• If it’s Base62, that’s a good sign.
  • If it only requires case-folding to reach the normalized name, that’s a good sign.
  • If it’s IDNA, that’s an okay sign.
  • If it’s a single script per label, that’s an okay sign.
  • If it contains ignored characters, that’s a bad sign.
  • If it contains disallowed characters, that’s a bad sign.
  • If it has punycode, that’s a bad sign.

If you’re sending crypto to someone, why would you ever want to interact with a name that isn’t normalized? It’s basically a red flag.

However, 🏳️‍🌈.eth is forever unnormalized because the FE0F is stripped by IDNA rules, so it will always trigger this kind of warning. But, if we implement the display name conventions, then this would work!

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@royalfork in a previous thread talked about the issues with emoji. He points to UTS-51 as the spec for emoji presentation.

Using just UTS-46 leaves us in this weird scenario because the correct application of UTS-46 + IDNA2008 kills almost all emoji. Emoji only got partially through because IDNA2003 was used. Only some gTLDs allow emoji via punycode but they violate UTS-46.

I think we should respect UTS-51 so we can take full advantage of current and future emoji. This would enable many more emoji, like country flags (RGI_Emoji_Tag_Sequence), a bunch of missing complex sequences (RGI_Emoji_ZWJ_Sequence), and many standard emoji that are disallowed by IDNA without emoji styling.

I believe it’s also possible to do this without breaking the existing non-standard names by grandfathering those emojis sequences All you need is a finite list of sequences that had FE0F removed (as of today) that are disallowed without it. Everything else going forward could be handled correctly. (The ideal solution would be migrating them, but that’s complex and $$$, so ignore that.)

For example, this needs fixed: 👩‍🦱.eth vs 👩‍‍🦱.eth as you can’t even tell there’s ZWJ in there. This is different from ZWJ as exterior padding.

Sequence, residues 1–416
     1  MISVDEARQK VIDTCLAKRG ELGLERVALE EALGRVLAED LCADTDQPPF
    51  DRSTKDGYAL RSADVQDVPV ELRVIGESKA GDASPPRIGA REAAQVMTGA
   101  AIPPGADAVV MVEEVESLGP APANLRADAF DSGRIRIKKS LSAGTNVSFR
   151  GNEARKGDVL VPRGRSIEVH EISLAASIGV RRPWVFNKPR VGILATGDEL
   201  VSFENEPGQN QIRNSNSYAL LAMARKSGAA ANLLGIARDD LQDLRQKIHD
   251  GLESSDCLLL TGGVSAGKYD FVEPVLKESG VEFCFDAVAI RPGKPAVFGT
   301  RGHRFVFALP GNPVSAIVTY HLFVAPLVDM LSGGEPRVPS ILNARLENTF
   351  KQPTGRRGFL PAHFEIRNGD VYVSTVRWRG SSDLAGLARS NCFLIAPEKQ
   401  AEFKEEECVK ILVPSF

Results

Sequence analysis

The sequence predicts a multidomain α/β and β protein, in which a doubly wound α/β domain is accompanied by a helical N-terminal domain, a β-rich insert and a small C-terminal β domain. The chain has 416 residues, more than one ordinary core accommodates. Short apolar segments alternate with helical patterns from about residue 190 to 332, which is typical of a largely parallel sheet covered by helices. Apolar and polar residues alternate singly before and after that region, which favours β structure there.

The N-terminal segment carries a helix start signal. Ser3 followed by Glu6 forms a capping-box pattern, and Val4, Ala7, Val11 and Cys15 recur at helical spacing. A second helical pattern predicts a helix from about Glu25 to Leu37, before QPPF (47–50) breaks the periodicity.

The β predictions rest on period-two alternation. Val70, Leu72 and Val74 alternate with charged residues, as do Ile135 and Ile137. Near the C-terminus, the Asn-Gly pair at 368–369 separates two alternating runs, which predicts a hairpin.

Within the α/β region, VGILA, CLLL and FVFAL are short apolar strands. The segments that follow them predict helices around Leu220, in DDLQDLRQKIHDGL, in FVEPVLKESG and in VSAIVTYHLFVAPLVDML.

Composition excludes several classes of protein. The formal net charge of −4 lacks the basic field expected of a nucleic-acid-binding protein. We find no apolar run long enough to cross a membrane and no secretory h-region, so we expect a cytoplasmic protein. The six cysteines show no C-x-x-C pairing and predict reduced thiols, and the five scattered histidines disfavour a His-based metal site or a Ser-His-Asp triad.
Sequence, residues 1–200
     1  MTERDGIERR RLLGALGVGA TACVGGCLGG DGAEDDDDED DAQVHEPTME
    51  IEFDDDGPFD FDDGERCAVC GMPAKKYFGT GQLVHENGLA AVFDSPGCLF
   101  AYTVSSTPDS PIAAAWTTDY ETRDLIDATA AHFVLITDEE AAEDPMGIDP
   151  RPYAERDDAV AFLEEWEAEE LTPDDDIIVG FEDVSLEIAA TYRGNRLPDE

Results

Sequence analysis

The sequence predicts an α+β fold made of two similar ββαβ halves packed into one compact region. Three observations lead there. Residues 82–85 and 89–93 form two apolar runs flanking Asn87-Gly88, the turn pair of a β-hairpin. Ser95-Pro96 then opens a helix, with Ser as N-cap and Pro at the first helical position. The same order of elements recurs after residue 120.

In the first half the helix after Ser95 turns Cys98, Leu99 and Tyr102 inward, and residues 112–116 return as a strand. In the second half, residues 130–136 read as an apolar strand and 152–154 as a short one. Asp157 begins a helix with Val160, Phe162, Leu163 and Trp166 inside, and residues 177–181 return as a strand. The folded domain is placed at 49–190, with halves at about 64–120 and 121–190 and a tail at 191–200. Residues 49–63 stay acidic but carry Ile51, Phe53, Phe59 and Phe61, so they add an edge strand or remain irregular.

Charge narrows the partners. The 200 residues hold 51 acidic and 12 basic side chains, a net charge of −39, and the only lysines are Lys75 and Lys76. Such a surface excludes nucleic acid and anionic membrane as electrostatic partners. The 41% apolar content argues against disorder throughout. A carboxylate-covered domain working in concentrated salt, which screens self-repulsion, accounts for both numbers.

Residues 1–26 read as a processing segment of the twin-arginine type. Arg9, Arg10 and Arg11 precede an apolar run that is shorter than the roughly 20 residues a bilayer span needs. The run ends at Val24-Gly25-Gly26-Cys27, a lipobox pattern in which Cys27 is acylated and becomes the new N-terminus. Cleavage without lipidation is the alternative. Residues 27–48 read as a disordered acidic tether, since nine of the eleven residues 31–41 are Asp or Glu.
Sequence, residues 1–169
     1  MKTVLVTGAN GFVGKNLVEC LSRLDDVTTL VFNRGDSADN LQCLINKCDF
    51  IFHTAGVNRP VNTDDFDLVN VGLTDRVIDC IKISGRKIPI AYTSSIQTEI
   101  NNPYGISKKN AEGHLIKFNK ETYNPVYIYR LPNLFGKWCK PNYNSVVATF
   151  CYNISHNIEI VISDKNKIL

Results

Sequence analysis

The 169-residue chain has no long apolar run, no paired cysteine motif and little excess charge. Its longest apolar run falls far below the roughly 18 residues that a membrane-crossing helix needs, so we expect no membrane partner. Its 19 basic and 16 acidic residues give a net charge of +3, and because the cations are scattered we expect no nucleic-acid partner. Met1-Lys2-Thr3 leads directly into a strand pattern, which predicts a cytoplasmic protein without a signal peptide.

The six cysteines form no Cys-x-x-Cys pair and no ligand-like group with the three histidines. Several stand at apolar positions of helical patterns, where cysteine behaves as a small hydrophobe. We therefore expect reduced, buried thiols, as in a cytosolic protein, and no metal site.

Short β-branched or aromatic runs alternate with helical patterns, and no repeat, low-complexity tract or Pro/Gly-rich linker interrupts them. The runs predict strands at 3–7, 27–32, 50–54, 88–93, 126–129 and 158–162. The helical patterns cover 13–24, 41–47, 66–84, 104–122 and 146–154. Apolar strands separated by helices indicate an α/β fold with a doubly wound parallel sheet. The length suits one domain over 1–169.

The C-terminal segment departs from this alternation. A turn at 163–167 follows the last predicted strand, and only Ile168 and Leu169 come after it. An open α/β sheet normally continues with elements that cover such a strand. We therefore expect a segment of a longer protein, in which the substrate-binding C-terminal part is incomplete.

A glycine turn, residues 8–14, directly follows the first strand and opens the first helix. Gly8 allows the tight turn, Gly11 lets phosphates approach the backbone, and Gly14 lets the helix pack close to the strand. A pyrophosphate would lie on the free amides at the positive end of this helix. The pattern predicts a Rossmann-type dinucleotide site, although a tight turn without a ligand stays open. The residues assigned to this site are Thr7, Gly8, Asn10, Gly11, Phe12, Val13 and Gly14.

Edit: this renders different on Mac vs PC.
EmojiDoubleJoiner

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The algorithm that I’m currently imaging works like this:

  • Consume characters left to right. If the character is an emoji starter, scan ahead and check if the emoji is valid. This process follows UTS-51 but allows grandfathered emoji to have missing FE0F and removes FE0F if it was there (to preserve namehash.)

  • If it is, add an emoji token Emoji(💩) and skip ahead.

  • If not, apply IDNA2008 rules:

  • If it’s a stop, add a Stop token.

  • Otherwise, add it as a Char token, where adjacent Char character tokens merge together: Char("a") + Char("b") = Char("ab")

  • This produces a sequences of tokens like: Abc💩.eth[Char("abc"), Emoji(💩), Stop, Char("eth")]

  • For more information, you could also tokenize the actual IDNA rules: Disallowed("\"), Ignored(" "), and separate Char into Valid and Mapped("A","a") full-contextual information.
    This produces a sequences of tokens like: Abc💩.eth[Mapped("A","a"), Valid("bc"), Emoji(💩), Stop, Valid("eth")] which is great for debugging or producing intelligent errors.

  • The main objective is that the emoji are lifted out of textual processing.

  • Merge any adjacent Mapped/Valid token into a Char token:
    [Mapped("A","a"), Valid("bc")]Char("abc")]

  • Apply NFC each Char token
    From my tests, emoji is unaffected by NFC, but I think this is cleaner than flattening the string, and apply NFC once, and then retokenizing.

  • Split the token sequence on every Stop token:
    [Char("abc"), Emoji(💩), Stop, Char("eth")][[Char("abc"), Emoji(💩)], [Char("eth")]]

  • If any label when flattened starts with xn-- decode puny, and require that it was already normalized, no exceptions.

  • Determine if the domain name is bidi.

  • For each label:
    1.) Apply UTS-46 validation: CheckHyphens and CheckJoiners where the label is flattened.
    2.) Apply ContextJ and ContextO rules where Emoji tokens are treated like a singular character.
    3.) Unknown: if bidi domain, apply Bidi rules where Emoji tokens are treated like a singular character.

  • Flatten the tokens to a single sequence of code points where Stop is replaced by "."

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Agreed. We need to pick a single standard for everything.

Definitely not.

Following IDNA2008 was my original intention.

This is an excellent summary, thank you!